Sunday, December 21, 2014

Instruments of Darkness

This noir thriller by Robert Wilson brings the Gold Coast of West Africa to life in all its seedy and seamy glory. The hero, Bruce Medway, shuttles back and forth between Togo, Benin and Ghana, with forays into Nigeria and a glimpse of Ivory Coast, the way the rest of us go to Baltimore or Arlington. The lawless chaos that coexists in the coastal capitals of Lome, Cotonou and Accra with the country club gentility of the white expat population is the ideal setting for a convoluted mystery involving smuggling, drugs, payoffs and treachery.

Wilson is a good writer who makes this background vivid and believable. I enjoyed his bestseller, A Small Death in Lisbon, but was unfamiliar with these earlier thrillers set in Africa until I came upon this book in the second-hand bookstore in Austin, South Congress Books. Apparently they were largely unavailable in the U.S. until the success of Lisbon.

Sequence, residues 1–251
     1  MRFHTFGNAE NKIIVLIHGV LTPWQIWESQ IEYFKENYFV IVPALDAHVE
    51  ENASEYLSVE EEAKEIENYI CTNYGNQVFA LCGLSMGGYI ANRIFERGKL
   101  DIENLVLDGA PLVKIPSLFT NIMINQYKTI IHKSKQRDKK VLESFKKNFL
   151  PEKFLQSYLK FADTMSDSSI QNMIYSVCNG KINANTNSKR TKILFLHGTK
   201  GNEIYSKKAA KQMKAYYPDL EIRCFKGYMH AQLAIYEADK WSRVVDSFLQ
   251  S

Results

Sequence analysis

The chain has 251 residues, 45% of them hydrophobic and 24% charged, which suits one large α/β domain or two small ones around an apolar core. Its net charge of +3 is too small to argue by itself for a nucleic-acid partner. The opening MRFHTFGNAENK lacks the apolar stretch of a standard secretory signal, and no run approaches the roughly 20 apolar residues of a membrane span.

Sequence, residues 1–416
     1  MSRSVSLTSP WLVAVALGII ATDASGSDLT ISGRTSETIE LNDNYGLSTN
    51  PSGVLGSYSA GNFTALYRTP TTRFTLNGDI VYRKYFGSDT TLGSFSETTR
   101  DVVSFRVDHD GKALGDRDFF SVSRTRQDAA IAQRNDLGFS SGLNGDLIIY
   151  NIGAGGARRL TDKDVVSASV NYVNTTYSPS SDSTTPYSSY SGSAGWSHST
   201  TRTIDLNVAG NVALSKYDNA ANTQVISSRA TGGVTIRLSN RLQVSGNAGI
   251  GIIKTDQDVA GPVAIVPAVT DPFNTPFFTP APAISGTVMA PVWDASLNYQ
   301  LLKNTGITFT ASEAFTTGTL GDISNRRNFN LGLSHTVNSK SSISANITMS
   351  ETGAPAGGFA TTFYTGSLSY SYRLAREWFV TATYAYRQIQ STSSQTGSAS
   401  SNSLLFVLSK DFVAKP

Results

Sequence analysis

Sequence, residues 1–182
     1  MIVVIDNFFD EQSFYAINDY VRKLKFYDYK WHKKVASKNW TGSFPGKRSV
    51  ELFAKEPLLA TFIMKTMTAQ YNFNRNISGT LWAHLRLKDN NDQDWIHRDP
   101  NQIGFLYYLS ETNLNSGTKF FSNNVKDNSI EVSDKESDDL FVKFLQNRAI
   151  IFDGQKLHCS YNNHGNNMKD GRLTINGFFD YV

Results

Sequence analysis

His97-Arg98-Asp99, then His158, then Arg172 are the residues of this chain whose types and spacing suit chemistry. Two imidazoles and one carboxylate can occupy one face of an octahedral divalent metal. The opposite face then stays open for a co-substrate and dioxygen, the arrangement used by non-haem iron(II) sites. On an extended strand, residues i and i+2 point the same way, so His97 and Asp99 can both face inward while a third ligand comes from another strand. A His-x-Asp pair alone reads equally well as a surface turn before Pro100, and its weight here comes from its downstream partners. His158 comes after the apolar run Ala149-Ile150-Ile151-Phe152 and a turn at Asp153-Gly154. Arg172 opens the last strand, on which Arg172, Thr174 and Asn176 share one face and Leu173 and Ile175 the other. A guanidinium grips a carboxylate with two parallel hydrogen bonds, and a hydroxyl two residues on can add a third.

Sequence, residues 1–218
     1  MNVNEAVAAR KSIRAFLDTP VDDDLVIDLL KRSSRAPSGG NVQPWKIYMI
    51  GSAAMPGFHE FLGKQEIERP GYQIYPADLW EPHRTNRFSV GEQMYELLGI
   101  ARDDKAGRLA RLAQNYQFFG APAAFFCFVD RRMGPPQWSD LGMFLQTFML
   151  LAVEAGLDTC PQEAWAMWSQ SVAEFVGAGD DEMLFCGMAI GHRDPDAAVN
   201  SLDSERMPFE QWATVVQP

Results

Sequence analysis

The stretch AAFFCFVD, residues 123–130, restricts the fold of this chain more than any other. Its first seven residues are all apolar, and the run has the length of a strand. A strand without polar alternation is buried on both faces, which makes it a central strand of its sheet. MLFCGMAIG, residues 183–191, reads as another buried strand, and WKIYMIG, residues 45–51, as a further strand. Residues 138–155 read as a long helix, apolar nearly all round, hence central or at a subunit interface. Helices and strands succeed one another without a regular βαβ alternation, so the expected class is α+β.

The first-person narration is done with a jaunty, if sometimes forced, humor, but witty enough to make you laugh out loud on occasion. However, none of the characters, including the narrator, elicit any consistent sympathy from the reader. Characters that appear quirky and eccentric eventually are unmasked to be psychopathic or sadistic in a way that requires too much suspension of disbelief. The array of women characters are vampy and have an almost fetishist obsession with smoking. Medway's travails -- a succession of beatings, captivity and brushes with death -- matches Dick Francis's characters in its relentless masochism. Motivations are murky and some characters are strictly utilitarian, fulfilling their role in the plot without engaging the reader.

It is, in short, not a great book, though quite readable. It could be the indelible atmosphere of expat life in West Africa will draw me back to one of the three other novels Wilson sets in this world, but maybe not.

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